skip to main content
Economic Hardship, Political Discontent Surge in Portugal

Economic Hardship, Political Discontent Surge in Portugal

by Anna Manchin

BRUSSELS -- Portuguese residents have grown sharply more critical of their leaders over the past year, as the economic crisis has affected more of them personally. Shortly before the Portuguese political crisis in July, more than two-thirds of adults disapproved of the country's leadership, up from half in 2012. Portuguese disapproval of the European Union's leadership and Germany's leadership, which is often seen as the driving force behind austerity policies, has also surged.


Despite the 78-billion-euro bailout it received in 2011 from the EU and the International Monetary Fund, Portugal entered its worst recession since the 1970s. Ongoing debates over bailout-mandated spending cuts and tax increases led to the government's near-collapse in July. Portugal's governing center-right coalition suffered heavy losses in September's municipal elections, reflecting residents' dissatisfaction with the government that instituted the austerity measures.

More Portuguese Struggling to Pay for Food, Shelter

In the second quarter of 2013, Portugal's economy expanded for the first time since 2010. However, Portugal's annual GDP is still expected to shrink in 2013. The sluggish economy and cuts to government funding have made more Portuguese vulnerable to poverty. The percentage saying there were times in the past 12 months when they did not have enough money to buy food that they or their families needed has doubled since 2011, reaching about one in five this year. The percentage saying there were times when they did not have enough money for shelter has also doubled in that time.


Portuguese perceptions that local economic conditions were getting worse surged from 37% in late 2009 to 56% in spring 2010. The government formally announced austerity measures, including spending cuts and tax increases, in March 2010; Standard & Poor lowered Portugal's investment grade status the following month. Every year since then, a majority of Portuguese have seen their local economy as getting worse. That figure was close to two-thirds this June; however, this was before positive reports on growth in the second quarter.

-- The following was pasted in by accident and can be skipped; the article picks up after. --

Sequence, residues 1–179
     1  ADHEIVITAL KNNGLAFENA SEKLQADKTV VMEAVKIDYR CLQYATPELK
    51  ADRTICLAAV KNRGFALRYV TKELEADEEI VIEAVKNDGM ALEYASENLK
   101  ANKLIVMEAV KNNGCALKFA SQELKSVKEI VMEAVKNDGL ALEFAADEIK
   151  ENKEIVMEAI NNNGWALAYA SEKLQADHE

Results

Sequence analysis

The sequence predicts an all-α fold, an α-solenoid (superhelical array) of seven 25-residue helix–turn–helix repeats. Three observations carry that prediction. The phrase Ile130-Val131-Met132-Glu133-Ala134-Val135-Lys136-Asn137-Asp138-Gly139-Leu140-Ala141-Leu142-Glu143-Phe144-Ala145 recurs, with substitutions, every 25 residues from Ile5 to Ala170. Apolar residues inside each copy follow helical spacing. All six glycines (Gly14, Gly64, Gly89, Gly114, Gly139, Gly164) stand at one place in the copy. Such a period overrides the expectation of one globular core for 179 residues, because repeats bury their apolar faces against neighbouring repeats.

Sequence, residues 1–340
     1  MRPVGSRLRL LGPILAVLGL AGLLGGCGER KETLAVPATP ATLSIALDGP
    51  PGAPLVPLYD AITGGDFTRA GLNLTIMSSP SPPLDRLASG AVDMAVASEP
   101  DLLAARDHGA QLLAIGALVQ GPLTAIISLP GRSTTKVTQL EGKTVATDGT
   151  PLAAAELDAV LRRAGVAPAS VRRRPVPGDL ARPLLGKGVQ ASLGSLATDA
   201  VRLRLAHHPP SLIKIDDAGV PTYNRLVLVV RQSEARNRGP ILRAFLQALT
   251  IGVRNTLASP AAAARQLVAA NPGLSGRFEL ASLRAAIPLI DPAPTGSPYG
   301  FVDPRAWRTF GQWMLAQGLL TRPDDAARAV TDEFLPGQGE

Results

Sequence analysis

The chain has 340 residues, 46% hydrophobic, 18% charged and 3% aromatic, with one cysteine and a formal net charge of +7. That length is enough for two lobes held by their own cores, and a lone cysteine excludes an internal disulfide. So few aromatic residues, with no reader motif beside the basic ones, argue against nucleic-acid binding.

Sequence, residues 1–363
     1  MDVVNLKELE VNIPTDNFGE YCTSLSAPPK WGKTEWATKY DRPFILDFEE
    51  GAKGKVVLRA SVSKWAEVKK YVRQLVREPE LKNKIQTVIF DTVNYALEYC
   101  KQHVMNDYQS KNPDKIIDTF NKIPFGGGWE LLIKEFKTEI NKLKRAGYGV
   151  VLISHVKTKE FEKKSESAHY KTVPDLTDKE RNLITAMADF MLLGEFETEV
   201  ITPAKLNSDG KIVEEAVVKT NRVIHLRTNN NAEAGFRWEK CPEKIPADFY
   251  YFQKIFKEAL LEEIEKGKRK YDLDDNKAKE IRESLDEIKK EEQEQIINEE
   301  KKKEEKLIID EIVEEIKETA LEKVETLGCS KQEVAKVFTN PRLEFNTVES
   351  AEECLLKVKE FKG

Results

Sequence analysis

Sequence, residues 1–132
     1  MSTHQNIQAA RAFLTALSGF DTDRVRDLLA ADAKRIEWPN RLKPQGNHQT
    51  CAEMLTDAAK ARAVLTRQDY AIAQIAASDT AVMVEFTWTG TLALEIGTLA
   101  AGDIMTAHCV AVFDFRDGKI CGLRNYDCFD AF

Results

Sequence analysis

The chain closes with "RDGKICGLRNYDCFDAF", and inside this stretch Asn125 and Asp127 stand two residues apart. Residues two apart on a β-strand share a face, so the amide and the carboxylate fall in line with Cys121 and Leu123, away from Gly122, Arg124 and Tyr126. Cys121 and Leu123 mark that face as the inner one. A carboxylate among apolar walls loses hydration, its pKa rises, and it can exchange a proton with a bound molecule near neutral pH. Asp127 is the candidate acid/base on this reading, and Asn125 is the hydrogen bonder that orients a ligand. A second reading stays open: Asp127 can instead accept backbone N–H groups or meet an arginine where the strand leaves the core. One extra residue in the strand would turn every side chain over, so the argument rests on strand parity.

Although Portugal continues to suffer from the effects of the 2008 financial and economic crisis and austerity measures, experts say the country may be on track to exit the bailout in mid-2014. Meanwhile, rising social tensions and waning support for national and EU leadership is putting the success of austerity measures at risk.

For complete data sets or custom research from the more than 150 countries Gallup continually surveys, please contact us.

Survey Methods

Results are based on telephone interviews with approximately 1,000 Portuguese adults, aged 15 and older, conducted each year since 2008. Findings from 2013 are based on data collected May 6-June 18. For results based on the total sample of national adults, one can say with 95% confidence that the maximum margin of sampling error is ±3.5 percentage points. The margin of error reflects the influence of data weighting. In addition to sampling error, question wording and practical difficulties in conducting surveys can introduce error or bias into the findings of public opinion polls.

For more complete methodology and specific survey dates, please review Gallup's Country Data Set details.

Gallup World Headquarters, 901 F Street, Washington, D.C., 20001, U.S.A
+1 202.715.3030